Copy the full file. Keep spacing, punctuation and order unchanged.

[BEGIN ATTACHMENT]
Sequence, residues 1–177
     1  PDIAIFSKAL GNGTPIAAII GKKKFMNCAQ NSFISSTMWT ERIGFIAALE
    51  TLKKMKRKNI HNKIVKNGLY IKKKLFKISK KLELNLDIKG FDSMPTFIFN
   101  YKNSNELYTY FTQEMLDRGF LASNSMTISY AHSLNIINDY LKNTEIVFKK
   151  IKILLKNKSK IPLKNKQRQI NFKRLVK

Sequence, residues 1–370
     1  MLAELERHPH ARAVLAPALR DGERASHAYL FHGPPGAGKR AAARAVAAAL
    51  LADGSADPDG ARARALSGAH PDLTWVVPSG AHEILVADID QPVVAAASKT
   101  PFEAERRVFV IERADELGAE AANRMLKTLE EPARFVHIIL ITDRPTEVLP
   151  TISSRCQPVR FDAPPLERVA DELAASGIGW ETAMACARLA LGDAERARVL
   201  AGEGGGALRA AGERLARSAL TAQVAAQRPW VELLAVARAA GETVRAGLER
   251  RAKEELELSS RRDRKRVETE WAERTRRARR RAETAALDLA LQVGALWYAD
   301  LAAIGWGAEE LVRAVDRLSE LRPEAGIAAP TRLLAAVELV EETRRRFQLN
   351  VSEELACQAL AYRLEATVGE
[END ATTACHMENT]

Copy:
Sequence, residues 1–177
     1  PDIAIFSKAL GNGTPIAAII GKKKFMNCAQ NSFISSTMWT ERIGFIAALE
    51  TLKKMKRKNI HNKIVKNGLY IKKKLFKISK KLELNLDIKG FDSMPTFIFN
   101  YKNSNELYTY FTQEMLDRGF LASNSMTISY AHSLNIINDY LKNTEIVFKK
   151  IKILLKNKSK IPLKNKQRQI NFKRLVK

Sequence, residues 1–370
     1  MLAELERHPH ARAVLAPALR DGERASHAYL FHGPPGAGKR AAARAVAAAL
    51  LADGSADPDG ARARALSGAH PDLTWVVPSG AHEILVADID QPVVAAASKT
   101  PFEAERRVFV IERADELGAE AANRMLKTLE EPARFVHIIL ITDRPTEVLP
   151  TISSRCQPVR FDAPPLERVA DELAASGIGW ETAMACARLA LGDAERARVL
   201  AGEGGGALRA AGERLARSAL TAQVAAQRPW VELLAVARAA GETVRAGLER
   251  RAKEELELSS RRDRKRVETE WAERTRRARR RAETAALDLA LQVGALWYAD
   301  LAAIGWGAEE LVRAVDRLSE LRPEAGIAAP TRLLAAVELV EETRRRFQLN
   351  VSEELACQAL AYRLEATVGE